So, after years of monthly “no change” interest rate announcements (other than the post referendum decrease being subsequently reversed), Bank of England base rate increased from 0.5% to 0.75% in August, this is the first increase above 0.5% since 2009.
Many mortgage holders have happily remained on standard variable or tracker rates of interest during the intervening 9 years, whilst some of these rates will be competitive by historic standards, others aren’t. I believe that many of these mortgage customers have failed to review the options purely because their monthly payment hasn’t increased, rather than looking at the competitiveness of the interest rate and considering the risks of a variable rate versus a fixed rate for between 2 and 10 years.
So, if you are one of the many people who have seen their payments increase (or at least received a letter from their bank or building society advising of an increase) what should you do?
Of the many options available, doing nothing, however small the increase, is the worst one, a no obligation review with an independent mortgage adviser can consider the numerous routes available to you, and it may be that the advice after carrying out such a review is to do nothing, but why take the risk?
When talking to clients we will consider: -
Staying with the current lender on a standard variable or tracker rate – can be the way forwards if you intend to move to a new house very soon.
Staying with the current lender but switching to a new rate – having considered the option of re-mortgaging elsewhere – this can sometimes be a good option.
Re-mortgaging to a new lender to take advantage of some extremely competitive rates which are available currently.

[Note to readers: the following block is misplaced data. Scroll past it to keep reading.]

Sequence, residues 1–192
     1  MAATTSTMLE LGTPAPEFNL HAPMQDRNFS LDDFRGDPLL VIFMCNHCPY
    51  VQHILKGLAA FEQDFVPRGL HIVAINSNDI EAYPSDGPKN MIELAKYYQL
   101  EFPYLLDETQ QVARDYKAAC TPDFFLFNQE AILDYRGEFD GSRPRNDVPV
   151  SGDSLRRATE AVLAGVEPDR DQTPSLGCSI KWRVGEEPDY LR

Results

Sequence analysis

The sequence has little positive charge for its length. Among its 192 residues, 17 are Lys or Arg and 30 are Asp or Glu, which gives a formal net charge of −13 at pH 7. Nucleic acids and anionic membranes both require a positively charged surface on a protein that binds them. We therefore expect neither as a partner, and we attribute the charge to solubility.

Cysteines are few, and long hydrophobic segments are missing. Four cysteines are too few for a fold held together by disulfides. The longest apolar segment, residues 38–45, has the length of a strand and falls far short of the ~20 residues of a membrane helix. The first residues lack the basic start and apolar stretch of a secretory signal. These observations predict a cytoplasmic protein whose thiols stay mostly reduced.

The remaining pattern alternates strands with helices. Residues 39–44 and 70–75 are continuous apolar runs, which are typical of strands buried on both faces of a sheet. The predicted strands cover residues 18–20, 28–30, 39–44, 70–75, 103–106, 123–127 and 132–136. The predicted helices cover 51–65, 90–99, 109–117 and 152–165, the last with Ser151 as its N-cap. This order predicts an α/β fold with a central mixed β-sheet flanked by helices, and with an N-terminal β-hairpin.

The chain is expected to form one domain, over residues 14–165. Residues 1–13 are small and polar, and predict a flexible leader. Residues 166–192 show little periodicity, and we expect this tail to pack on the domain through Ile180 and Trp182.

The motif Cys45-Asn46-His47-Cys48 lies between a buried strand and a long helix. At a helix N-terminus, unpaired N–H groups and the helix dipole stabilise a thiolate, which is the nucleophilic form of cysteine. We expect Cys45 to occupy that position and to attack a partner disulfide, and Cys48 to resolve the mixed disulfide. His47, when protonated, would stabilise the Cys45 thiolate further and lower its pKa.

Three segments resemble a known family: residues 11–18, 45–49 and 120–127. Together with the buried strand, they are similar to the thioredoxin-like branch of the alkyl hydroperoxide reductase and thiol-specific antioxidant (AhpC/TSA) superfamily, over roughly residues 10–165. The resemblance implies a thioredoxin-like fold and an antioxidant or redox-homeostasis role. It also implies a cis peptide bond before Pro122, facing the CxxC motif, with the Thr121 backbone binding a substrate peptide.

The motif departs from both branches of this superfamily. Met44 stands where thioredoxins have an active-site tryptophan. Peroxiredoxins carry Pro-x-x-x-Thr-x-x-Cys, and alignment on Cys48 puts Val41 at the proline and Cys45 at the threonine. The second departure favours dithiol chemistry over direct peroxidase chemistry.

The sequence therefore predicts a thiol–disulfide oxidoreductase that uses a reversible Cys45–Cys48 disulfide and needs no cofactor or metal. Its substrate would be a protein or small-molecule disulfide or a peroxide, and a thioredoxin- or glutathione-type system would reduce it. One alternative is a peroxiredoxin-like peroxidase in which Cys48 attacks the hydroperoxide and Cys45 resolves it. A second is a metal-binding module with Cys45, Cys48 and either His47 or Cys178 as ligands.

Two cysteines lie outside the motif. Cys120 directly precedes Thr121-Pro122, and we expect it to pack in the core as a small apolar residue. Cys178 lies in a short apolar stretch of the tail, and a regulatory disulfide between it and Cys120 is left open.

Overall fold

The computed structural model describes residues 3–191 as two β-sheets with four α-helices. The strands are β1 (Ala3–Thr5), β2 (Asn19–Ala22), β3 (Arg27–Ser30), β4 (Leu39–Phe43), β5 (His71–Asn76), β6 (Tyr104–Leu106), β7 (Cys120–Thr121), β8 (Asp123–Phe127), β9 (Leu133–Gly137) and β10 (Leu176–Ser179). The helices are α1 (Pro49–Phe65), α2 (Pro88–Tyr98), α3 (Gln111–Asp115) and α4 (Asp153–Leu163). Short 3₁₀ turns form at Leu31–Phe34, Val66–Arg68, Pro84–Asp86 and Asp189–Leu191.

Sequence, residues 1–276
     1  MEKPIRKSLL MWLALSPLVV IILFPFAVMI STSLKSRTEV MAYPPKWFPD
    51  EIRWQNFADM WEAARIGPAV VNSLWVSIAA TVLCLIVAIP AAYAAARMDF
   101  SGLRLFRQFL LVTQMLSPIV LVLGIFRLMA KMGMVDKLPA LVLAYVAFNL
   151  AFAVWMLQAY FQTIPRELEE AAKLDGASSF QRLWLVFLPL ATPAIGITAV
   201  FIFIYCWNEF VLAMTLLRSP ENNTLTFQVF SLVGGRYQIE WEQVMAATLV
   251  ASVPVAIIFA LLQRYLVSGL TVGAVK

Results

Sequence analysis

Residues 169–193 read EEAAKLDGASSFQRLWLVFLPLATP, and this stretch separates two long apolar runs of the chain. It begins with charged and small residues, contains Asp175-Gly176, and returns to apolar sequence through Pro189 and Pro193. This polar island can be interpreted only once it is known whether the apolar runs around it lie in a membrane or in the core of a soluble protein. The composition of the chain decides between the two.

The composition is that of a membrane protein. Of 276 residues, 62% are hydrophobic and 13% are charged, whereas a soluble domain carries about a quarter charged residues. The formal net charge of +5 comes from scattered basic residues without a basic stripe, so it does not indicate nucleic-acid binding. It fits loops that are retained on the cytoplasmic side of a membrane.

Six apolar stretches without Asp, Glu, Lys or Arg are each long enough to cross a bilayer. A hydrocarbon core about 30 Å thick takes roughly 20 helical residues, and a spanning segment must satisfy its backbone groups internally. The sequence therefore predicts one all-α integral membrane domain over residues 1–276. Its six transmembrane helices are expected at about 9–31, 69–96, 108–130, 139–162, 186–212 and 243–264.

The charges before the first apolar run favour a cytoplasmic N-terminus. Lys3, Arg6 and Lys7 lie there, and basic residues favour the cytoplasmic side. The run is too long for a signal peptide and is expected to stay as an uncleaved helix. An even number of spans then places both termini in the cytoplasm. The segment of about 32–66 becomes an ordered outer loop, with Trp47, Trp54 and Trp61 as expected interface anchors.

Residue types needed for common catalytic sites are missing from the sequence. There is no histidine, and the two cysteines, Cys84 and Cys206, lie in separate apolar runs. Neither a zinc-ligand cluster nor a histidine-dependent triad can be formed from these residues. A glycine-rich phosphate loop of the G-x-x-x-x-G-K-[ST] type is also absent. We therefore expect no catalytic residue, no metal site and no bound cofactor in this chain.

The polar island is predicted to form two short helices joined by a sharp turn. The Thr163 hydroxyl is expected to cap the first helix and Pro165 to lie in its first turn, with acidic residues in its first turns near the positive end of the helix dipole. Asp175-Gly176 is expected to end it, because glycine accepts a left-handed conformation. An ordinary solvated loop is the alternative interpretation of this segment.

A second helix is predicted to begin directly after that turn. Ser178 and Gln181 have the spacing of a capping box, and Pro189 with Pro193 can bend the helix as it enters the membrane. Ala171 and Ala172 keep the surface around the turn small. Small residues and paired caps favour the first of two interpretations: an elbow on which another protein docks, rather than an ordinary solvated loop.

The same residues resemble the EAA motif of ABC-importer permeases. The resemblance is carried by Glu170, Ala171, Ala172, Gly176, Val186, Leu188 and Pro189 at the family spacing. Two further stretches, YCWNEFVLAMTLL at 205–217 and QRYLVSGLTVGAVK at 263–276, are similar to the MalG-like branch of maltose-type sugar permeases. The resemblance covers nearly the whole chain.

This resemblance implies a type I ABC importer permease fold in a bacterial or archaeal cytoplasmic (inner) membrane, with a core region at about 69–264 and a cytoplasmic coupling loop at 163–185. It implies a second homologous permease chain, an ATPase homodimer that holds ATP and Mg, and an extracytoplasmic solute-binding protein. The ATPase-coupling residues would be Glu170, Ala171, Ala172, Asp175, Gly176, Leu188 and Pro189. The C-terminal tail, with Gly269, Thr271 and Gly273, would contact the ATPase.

At the same time it is also possible to: -
Fix the interest rate for between 2 and 10 years to provide certainty of monthly costs for that period.
Remain on a variable rate to give flexibility to move home or make unlimited overpayments.
Reduce the overall mortgage term whilst maintaining previous payment levels due to the competitiveness of fixed rates available.
Arrange an offset mortgage to take advantage of savings which still gain very little in terms of interest received on a standard savings account
The overriding and important message is to talk to a professional and fully consider your options.
We would be delighted to help.
Paul Hardingham and Tony Ibson are Mortgage and Protection Advisers at Innovate Mortgages and Loans. Both have over 20 years of experience advising individuals and businesses across the North East of England. They can be contacted for bespoke advice at firstname.lastname@example.org or email@example.com or call 0191 223 3514.
Your home is at risk if you do not keep up repayments on a mortgage or other loan secured on it.